But, when Kirk found himself faced with a case even he could not theatrically bluster his way out of - and keep in mind we're talking about William Shatner at the height of his hammy powers here, so this is a seriously impossible case we're talking about - he turned to super-lawyer Samuel T. Cogley to lead his defense. Famous for his Luddite tendencies, which included such eccentricities as reading books on paper instead of on computer. Not one to do anything halfway, Cogley's spirited defense included references to "the Bible, the Code of Hammurabi and of Justinian, the Magna Carta, the United States Constitution, the Fundamental Declarations of the Martian colonies and the Statutes of Alpha III", all of which I plan on citing as precedents should I ever find myself standing before a judge.


Cogley's defense didn't exactly lead to an acquittal, but it did provide Kirk and Spock enough time to prove the man Kirk had supposedly murdered was, in fact, alive and well and tampering with the ship's systems. With his case concluded, Cogley decided to move on to defending Kirk's supposed victim, noting he felt very good about his chances.

And let's also give a quick shout-out to Worf's grandfather, who was also called Worf, for his thankless job advocating for Kirk and McCoy at their Klingon show trial in Star Trek VI: The Undiscovered Country. Although I must admit that that throwaway cameo originally left me with the mistaken impression that Lieutenant Worf was about 150 years old by the time of The Next Generation.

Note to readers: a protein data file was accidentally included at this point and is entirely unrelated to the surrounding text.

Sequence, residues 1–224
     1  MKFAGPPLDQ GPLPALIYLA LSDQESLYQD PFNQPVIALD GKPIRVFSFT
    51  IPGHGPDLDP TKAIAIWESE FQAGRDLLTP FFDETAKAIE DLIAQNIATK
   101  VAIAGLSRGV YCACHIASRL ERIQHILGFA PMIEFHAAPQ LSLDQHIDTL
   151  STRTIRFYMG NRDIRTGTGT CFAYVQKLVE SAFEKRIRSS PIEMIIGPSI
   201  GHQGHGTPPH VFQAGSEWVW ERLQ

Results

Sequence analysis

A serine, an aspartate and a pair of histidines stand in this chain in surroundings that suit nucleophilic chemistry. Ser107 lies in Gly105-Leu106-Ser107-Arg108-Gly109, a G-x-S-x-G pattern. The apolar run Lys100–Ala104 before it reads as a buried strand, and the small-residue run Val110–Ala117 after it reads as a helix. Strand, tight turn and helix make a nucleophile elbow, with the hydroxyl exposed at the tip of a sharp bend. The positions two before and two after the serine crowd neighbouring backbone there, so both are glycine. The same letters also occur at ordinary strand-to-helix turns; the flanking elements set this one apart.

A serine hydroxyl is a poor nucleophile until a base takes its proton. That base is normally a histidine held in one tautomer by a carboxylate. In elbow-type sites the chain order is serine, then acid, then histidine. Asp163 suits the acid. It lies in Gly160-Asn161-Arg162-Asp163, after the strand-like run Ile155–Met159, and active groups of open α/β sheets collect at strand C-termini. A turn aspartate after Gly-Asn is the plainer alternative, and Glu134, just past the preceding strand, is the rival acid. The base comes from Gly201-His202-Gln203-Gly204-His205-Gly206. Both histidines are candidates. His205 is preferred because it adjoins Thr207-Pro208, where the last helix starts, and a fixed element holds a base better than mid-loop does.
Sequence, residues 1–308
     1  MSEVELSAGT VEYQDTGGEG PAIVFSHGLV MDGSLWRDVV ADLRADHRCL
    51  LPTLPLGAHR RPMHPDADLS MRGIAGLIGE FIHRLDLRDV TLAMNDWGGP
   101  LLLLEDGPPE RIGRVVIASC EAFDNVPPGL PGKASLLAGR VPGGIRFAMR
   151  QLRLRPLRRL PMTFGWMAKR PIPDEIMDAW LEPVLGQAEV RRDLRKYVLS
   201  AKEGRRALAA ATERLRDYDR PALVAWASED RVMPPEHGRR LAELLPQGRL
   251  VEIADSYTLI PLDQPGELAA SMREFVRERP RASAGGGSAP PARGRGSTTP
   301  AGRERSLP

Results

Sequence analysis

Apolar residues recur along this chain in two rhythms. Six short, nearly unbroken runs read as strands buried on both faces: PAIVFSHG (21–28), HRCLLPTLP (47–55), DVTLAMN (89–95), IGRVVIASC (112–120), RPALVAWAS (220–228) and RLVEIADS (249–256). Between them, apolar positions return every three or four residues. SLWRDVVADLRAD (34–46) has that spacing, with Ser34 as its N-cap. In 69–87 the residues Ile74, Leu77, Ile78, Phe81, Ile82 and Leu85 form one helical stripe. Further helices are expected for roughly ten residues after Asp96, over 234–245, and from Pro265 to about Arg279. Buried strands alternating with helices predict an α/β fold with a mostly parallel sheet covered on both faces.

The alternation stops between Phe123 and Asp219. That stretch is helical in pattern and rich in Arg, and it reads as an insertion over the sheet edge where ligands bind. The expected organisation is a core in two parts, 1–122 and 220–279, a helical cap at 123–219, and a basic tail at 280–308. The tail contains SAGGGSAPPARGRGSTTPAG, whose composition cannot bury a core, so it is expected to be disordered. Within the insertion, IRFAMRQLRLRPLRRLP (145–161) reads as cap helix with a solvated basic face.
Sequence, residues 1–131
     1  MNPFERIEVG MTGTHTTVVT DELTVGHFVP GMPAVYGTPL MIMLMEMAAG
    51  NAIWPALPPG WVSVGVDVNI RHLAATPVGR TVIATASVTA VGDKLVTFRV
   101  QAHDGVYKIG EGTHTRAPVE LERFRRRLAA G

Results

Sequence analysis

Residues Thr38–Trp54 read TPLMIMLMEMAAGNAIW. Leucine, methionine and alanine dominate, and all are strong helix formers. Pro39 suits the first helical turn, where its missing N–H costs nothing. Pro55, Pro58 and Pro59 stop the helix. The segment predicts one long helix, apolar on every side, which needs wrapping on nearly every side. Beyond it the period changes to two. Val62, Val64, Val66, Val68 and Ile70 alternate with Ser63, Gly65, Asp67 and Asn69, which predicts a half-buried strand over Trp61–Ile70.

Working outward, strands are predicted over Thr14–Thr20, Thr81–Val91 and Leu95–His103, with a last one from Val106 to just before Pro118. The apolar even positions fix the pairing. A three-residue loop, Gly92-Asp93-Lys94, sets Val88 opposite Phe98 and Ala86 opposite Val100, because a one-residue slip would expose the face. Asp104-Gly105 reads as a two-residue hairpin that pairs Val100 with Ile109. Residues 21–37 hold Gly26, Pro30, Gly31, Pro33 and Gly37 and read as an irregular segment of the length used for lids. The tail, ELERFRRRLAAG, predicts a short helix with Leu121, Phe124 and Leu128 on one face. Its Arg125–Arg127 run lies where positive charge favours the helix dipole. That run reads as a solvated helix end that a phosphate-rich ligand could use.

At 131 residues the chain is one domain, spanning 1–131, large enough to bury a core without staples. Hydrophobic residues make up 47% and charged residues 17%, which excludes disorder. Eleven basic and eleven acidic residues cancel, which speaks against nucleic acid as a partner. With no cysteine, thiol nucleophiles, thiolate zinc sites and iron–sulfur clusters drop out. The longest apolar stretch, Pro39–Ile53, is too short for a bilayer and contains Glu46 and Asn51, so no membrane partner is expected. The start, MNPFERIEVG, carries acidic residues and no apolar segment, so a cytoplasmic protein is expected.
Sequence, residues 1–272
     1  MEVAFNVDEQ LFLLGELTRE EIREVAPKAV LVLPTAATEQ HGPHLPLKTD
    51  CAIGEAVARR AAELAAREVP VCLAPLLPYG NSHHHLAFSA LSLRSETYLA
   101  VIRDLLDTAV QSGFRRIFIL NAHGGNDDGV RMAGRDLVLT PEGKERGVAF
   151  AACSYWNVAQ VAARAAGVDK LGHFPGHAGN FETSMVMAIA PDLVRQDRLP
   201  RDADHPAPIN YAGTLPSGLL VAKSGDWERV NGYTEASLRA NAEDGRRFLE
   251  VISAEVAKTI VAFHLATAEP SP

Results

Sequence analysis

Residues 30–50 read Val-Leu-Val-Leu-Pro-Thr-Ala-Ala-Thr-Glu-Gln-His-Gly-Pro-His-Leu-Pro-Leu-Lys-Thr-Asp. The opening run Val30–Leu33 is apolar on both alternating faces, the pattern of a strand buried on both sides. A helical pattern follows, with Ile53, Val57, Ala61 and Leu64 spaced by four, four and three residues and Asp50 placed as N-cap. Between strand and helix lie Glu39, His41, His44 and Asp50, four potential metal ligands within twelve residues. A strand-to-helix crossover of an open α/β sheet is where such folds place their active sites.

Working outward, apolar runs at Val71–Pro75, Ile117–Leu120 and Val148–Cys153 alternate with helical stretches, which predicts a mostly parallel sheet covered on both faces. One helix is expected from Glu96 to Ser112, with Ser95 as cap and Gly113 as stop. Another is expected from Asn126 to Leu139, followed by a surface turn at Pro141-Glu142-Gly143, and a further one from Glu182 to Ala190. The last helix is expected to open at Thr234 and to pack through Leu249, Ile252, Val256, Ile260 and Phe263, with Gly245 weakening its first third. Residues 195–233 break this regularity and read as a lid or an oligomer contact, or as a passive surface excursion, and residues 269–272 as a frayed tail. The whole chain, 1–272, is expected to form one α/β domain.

Romo Lampkin, Battlestar Galactica & Joseph Adama, Caprica

Easily the best of Battlestar Galactica's later season additions (with all due respect to noted neurosurgeon John Hodgman), Romo Lampkin combined the sort of lovable sleaziness central to any Mark Sheppard performance, mixed with a brilliant if fractured legal philosophy. Seemingly just a mercenary lawyer taking on the obviously indefensible defense of disgraced president Gaius Baltar, he proceeded to build a case equal parts audacious (such as changing Baltar's plea to guilty just to make a point) and ludicrous (such as calling Lee Adama, his own partner on the defense and the son of one of the judges, to the stand to testify - this is a perk of trying a case in front of ship's captains instead of actual legal experts, I guess). Oh, and he's also a kleptomaniac and was briefly President of the Colonies. Although, quite honestly, who wasn't President of the Colonies towards the end?